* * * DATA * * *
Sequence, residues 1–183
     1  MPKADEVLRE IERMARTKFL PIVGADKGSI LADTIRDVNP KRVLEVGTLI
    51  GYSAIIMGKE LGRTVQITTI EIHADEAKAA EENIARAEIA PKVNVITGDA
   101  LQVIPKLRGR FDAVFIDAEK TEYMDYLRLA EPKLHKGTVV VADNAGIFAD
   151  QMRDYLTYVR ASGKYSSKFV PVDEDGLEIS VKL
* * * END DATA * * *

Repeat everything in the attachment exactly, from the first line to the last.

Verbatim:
Sequence, residues 1–183
     1  MPKADEVLRE IERMARTKFL PIVGADKGSI LADTIRDVNP KRVLEVGTLI
    51  GYSAIIMGKE LGRTVQITTI EIHADEAKAA EENIARAEIA PKVNVITGDA
   101  LQVIPKLRGR FDAVFIDAEK TEYMDYLRLA EPKLHKGTVV VADNAGIFAD
   151  QMRDYLTYVR ASGKYSSKFV PVDEDGLEIS VKL